Today it is the International Women’s Day which should be acknowledged. But I would like to tell you an other story – the one of the swedish or rather Scandinavian indigenous people and their culture. The sámi (or saami) living in the Northern parts called Sápmi which stretches from Norway to Russia.
As many other indigenous people and minorities the sámi has a history of being discriminated and they still are. Their lifestyle and culture have been questioned, neglected and violated. Even today decision-makers continue the injustices. But let us talk about the people rather than their misfortunes and suffering. The sámi people is living close with nature and show it great respect. Commonly known for being reindeer keepers living of the land. In history they were nomads herding their reindeer’s over vast lands. But the crafts, hunting and fishing industries are very important too. Their believes included shamanism and nature religion which had much in common with the indigenous people of North America. Today Sápmi is secular and do not belong to any religion. Politics have become important as a part of protecting the sámi traditions, culture and land.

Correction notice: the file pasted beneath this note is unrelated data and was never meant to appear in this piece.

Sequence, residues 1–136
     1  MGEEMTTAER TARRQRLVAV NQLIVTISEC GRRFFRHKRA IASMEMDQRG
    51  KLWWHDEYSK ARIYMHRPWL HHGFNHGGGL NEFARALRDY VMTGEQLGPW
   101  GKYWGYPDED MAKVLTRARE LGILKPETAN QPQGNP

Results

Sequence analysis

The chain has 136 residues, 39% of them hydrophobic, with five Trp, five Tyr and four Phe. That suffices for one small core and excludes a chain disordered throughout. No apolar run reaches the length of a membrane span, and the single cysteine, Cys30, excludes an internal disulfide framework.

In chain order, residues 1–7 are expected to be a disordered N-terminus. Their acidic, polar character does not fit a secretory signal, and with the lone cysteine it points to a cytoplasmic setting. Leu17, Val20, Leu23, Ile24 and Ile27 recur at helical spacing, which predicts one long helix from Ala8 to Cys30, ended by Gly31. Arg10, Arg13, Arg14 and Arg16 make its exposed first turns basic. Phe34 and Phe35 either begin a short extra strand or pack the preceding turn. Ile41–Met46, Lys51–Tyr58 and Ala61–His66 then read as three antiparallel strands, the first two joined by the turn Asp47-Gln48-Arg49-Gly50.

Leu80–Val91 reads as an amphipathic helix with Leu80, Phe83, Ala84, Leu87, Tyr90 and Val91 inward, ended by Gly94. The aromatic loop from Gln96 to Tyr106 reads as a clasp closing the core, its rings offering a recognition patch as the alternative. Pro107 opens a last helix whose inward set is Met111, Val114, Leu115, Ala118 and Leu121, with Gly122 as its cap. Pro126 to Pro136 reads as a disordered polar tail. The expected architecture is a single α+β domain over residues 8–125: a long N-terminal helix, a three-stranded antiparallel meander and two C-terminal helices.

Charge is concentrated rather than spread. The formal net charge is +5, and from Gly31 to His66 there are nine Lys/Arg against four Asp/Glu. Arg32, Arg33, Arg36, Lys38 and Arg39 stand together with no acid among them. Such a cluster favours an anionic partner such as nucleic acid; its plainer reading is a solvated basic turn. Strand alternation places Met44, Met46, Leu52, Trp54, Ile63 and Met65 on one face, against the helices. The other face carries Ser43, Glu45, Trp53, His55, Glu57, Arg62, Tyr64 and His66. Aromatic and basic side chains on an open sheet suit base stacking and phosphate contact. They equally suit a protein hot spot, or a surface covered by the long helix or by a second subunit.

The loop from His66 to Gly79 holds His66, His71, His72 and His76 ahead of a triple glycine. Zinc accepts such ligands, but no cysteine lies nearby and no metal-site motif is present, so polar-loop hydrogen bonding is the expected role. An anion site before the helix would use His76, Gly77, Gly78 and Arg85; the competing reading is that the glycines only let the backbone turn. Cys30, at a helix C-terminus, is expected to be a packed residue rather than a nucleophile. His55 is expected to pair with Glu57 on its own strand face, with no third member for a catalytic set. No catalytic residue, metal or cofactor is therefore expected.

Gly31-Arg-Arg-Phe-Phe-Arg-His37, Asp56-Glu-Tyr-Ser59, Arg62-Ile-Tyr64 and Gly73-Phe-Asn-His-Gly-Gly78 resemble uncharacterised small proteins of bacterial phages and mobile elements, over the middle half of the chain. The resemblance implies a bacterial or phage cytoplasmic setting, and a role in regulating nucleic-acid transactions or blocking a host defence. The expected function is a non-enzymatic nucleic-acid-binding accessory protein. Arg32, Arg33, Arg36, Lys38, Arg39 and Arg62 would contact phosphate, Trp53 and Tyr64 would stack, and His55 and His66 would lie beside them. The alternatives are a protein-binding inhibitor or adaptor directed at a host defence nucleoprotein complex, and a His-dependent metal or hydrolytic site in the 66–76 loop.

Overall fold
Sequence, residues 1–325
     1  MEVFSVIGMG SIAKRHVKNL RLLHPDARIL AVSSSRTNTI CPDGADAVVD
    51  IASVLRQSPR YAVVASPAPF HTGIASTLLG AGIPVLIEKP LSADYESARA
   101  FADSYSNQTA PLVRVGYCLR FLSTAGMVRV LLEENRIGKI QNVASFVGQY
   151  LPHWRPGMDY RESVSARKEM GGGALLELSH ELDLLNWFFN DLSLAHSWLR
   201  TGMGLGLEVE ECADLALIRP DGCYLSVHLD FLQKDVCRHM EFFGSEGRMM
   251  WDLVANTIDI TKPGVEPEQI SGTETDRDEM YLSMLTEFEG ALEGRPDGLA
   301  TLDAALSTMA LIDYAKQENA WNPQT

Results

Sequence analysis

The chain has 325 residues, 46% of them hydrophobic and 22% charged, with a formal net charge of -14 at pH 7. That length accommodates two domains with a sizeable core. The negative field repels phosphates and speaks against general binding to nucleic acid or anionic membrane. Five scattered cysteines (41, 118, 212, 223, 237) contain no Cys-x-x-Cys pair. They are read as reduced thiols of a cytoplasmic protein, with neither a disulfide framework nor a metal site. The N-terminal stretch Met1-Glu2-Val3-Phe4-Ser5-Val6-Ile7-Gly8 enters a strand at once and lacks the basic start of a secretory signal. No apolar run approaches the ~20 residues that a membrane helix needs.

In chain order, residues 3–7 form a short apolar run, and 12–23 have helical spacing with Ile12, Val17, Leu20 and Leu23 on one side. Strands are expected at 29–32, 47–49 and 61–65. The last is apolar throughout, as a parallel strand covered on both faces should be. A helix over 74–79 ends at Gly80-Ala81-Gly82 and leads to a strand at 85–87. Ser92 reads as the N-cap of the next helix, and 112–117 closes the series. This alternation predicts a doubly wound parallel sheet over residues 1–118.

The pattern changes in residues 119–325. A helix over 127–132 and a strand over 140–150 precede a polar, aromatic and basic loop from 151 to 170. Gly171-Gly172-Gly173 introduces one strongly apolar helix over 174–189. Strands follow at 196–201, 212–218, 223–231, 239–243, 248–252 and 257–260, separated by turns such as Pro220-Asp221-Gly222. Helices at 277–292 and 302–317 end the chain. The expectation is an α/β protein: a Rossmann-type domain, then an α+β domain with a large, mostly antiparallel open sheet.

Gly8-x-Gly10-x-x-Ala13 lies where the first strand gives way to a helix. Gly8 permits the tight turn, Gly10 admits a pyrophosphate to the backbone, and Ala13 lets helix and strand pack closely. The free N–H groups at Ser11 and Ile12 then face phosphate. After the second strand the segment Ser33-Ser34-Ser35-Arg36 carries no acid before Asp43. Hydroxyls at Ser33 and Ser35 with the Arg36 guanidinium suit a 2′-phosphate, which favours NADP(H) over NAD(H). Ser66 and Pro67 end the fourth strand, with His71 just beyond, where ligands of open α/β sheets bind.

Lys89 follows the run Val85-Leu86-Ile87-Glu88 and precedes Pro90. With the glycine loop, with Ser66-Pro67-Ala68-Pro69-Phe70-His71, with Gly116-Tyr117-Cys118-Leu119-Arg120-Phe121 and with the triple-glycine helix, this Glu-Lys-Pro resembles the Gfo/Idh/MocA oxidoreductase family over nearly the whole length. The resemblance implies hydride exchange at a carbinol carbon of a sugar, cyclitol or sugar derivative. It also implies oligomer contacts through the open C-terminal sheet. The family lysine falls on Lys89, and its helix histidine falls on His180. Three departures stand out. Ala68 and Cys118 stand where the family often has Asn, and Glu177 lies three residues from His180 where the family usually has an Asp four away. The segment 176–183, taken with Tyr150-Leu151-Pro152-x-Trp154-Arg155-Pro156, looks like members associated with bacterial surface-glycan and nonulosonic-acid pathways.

There is one tradition I would love to share with you since I think it is so beautiful. The jojk, the traditional sámi song (or singing), which also was a part of their religion. Often very emotional, filled with heart and soul. This song is preformed by a young swedish sámi man as a tribute to his deceased friend. Listen via the link below:
Jon Henrik´s jojk for Daniel